Your village has been overrun by savage werewolves, which are represented by the number on each of the cards that make up your village. To get rid of these fanged fiends faster than the neighboring villages, use your residents' special abilities and your powerful secret weapon: a silver amulet.
Call for a vote when you think you have the fewest werewolves, but be careful; everyone else gets one more turn to save their own village first...
Silver is a fast and engaging traditional card game with a werewolf twist! Everyone starts the game with five face-down cards, with everyone being able to see two cards of their choice. Cards are numbered 0-13, with the number showing how many werewolves the character on that card attracts, and each character (number) has a different special power.
On a turn, you draw the top card of the deck or discard pile, then either discard it to use the power of the card (but only if it came from the deck), discard it without using the power (ditto), or replace one or more of your face-down cards with this card; you can replace multiple cards only if they bear the same number, and you must reveal the cards to prove this, being penalized if you're wrong.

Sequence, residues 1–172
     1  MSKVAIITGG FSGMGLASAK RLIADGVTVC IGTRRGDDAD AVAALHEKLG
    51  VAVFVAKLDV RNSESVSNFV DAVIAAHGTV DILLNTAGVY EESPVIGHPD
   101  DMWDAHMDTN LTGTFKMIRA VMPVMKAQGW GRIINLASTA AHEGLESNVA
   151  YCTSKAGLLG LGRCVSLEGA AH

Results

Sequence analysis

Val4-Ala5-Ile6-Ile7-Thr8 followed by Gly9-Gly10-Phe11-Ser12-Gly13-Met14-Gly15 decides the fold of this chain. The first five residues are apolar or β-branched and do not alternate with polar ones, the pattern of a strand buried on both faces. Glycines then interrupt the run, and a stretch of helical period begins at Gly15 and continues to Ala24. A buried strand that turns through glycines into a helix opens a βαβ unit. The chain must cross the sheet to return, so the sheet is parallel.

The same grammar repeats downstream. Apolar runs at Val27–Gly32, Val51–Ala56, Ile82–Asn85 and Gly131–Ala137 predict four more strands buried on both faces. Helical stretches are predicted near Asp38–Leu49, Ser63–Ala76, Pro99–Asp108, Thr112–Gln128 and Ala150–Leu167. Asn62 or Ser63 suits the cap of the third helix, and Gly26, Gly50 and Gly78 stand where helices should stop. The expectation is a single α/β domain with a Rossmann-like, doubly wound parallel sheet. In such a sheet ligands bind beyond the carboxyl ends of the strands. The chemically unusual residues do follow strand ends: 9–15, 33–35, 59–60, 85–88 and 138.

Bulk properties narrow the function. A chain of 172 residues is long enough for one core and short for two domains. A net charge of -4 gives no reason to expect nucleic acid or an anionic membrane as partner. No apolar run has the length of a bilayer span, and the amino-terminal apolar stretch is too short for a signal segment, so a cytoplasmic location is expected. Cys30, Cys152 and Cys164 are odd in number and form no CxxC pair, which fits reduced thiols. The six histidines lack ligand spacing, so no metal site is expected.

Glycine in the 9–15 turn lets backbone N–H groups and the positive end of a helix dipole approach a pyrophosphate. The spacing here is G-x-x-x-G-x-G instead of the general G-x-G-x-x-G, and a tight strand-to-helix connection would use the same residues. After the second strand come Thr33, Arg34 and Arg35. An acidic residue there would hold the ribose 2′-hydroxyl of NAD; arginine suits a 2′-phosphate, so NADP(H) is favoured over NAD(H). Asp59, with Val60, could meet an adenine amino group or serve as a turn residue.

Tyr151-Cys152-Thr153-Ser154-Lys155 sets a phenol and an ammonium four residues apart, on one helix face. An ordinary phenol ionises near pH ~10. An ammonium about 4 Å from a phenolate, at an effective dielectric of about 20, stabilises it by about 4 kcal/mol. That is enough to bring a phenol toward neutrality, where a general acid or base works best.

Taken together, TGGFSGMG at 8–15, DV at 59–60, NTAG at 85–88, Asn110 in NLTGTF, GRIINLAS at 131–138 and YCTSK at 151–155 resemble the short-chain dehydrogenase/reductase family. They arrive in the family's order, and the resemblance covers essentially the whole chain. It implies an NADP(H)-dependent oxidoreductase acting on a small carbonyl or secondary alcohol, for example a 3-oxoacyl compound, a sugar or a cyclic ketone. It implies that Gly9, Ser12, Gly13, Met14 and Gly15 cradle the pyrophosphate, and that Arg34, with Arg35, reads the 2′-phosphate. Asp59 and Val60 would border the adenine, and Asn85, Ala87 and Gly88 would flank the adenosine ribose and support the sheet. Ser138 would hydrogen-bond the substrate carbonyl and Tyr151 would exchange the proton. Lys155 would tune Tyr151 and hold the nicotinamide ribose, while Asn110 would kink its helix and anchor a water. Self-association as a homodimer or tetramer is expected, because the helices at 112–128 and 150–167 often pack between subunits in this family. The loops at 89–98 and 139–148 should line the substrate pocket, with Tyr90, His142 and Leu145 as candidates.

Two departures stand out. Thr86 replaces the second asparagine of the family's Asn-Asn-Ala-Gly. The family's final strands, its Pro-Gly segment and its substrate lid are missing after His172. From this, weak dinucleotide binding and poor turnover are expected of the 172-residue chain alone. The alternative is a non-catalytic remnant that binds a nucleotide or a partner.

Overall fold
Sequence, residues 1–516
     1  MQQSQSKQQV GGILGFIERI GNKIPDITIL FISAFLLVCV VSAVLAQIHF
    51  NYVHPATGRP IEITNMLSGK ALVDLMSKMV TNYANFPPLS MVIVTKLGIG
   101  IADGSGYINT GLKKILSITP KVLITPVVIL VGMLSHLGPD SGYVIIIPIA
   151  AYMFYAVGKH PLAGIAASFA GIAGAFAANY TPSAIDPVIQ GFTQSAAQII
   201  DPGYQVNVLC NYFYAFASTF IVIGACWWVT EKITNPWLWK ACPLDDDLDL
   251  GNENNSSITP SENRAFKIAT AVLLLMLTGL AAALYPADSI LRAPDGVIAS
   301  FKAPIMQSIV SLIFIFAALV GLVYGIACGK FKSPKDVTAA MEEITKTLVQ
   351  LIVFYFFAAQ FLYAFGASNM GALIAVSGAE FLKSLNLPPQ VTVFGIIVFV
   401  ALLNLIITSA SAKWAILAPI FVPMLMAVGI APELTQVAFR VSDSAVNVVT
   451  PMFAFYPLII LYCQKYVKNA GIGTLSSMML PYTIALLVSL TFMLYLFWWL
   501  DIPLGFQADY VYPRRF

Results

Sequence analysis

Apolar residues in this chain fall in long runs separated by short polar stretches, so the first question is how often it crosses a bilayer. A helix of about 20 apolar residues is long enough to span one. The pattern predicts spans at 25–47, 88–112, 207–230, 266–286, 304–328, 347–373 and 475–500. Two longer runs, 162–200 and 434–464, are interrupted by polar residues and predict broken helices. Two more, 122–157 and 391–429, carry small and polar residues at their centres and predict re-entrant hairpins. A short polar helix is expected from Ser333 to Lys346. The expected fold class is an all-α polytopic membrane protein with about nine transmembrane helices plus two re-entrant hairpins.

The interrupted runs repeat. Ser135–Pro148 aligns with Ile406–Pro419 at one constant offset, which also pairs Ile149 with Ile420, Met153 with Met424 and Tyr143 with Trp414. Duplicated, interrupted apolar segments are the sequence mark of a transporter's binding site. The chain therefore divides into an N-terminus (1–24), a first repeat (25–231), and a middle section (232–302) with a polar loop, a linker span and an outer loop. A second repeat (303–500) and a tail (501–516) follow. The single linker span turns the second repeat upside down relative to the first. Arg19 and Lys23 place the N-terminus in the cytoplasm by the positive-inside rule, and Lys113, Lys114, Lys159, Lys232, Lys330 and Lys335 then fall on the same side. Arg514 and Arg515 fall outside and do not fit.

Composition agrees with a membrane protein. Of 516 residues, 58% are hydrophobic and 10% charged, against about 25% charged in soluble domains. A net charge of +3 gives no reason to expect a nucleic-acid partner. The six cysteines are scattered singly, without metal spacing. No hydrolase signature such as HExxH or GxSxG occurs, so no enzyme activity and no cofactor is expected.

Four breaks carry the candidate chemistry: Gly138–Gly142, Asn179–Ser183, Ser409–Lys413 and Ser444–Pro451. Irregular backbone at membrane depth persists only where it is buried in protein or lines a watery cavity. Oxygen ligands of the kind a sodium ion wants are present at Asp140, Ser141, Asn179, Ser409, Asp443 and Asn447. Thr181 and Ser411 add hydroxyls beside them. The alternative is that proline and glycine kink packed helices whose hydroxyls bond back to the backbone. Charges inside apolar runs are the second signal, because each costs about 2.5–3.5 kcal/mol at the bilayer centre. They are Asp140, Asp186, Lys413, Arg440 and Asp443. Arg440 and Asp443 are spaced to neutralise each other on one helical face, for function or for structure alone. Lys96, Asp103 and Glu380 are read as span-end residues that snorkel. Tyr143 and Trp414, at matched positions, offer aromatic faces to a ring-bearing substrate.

Silver can be played as a standalone game or combined with Silver Bullet or other Silver decks. Each version of the game has different card abilities.
Set Collection, Memory
Designer: Ted Alspach
Artist: Andrey Gordeev, Taylor Bogle
Publisher: Bézier Games
Category: Set Collection, Memory
Price: $24.95 Amazon.com
Silver is a memory card game in Bézier Games Werewolf universe. In this game, players try to earn the lowest score by strategically switching cards in their tableaus with cards from the deck or draw pile. The challenge comes from remembering which cards are where, while simultaneously trying to determine what cards opponents are holding.
The One Night Ultimate series is about as good as party games get. I have lauded this series at great length before, so I won’t reinvent the wheel, but suffice it to say it’s amazing. Silver is a new card game in the Werewolf universe, featuring familiar characters like the Seer, the Robber, the Villager, and the ever-unsettling Exposer.
The game consists of a deck of cards numbered 0 to 13, a score pad, and a silver amulet token. The numbers on the cards are their point values, but in this game, points are bad.
At the start of the game, the cards are shuffled and each player receives a row of 5, face-down. The deck is placed in the middle and its top card is flipped up to begin a discard pile. The amulet token begins next to the deck/discard area, in front of a randomly-chosen player.
Before the first round begins, each player secretly looks at 2 of their own cards.
At its core, Silver is a memory game, so it’s important for players to keep track of their own cards (and others’, if possible!). The goal of the game is to have the lowest overall score.
Players perform 1 of 3 actions on their turn:
- Draw the top card of the deck
- Draw the top card of the discard pile
- Call for a vote